North Texas

Frisco ISD Embraces Diversity

Nearly half of the district's student body are people of color

Frisco is one of the fastest growing cities in the country. Families from all over the world are attracted to the area's high paying jobs, affordable housing and good schools.

Frisco ISD is just shy of 56,000 students and it's quickly becoming one of the most diverse in North Texas.

According to the district, enrollment grew by 2,700 students this year.

Enrollment figures indicate nearly half of Frisco ISD's student body are people of color. 24 percent are Asian, 14 percent are Hispanic, and 11 percent are African American.

Sixty-seven languages are spoken within the district.

"We recognize that Frisco is changing. We are growing and becoming more diverse as our population increases," said Frisco ISD human resources director Charis Hunt.

In order to keep up with the city's changing demographics, Frisco ISD has a diversity task force which lays the ground work for professional training.

The task force, which meets four times a year, also helps the district promote equity, embrace diversity and differences, and encourage active participation on the part of families and community.

"The task force is made up of our parents and community members including teachers and administrators," said Hunt.

To kick off our week dedicated to the Different Shades of Texas, we traveled around North Texas searching for people who speak different languages and who grew up in different parts of the world. We learned their stories, what connects them to Texas, and how to say, “Texas Connects Us” in their native language.

At Phillips Elementary School, principal Dana Solomon highlights the school's diversity through active participation at school assemblies.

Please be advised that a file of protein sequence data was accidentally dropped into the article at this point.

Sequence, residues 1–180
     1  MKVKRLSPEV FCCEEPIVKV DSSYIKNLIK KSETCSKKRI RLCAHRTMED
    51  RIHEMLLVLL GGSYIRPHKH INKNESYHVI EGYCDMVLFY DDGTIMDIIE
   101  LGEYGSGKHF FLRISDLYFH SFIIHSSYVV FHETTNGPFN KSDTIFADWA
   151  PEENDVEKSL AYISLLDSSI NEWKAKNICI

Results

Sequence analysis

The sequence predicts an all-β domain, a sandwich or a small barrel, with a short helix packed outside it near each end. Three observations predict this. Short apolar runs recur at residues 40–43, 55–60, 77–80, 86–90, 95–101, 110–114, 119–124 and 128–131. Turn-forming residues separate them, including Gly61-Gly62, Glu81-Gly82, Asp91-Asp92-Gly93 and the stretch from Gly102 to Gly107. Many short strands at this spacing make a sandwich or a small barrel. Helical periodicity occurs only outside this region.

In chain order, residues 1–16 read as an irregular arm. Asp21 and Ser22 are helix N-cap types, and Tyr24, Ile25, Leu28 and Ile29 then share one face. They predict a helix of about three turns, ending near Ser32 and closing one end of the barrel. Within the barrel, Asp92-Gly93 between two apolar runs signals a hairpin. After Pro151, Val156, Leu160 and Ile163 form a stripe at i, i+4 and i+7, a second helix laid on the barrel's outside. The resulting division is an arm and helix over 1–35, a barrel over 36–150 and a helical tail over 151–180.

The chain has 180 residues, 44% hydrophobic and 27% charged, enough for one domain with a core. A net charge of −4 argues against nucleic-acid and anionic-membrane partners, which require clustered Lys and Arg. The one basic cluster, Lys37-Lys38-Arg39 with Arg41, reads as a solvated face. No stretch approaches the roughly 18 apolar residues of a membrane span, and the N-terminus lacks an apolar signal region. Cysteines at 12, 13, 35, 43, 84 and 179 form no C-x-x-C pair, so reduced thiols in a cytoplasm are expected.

"Our kids need to feel proud of their heritage and bring it to light for other kids because we can learn a lot from each other," said Solomon. "I think in the past we talked a lot about tolerance and acceptance. Now, we really need to celebrate diversity. We have to work with everyone. We have to work with everyone from every walk of life."

Solomon said she was inspired to highlight diversity at Phillips Elementary after she overhead a student's telephone conversation in Spanish.

"A student told me he was embarrassed of speaking another language. That really struck me that a child would be embarrassed of speaking another language, and in a way, embarrassed of his heritage," said Solomon. "The root of it came when I spoke to that student last year and he was ashamed of the second language that he speaks."

All Frisco ISD elementary schools now host assemblies geared to promoting diversity. The district said it's an opportunity for teachers to learn from their students.

Copyright, 2013, Weldon Cooper Center for Public Service, Rector and Visitors of the University of Virginia (Dustin A. Cable, creator)

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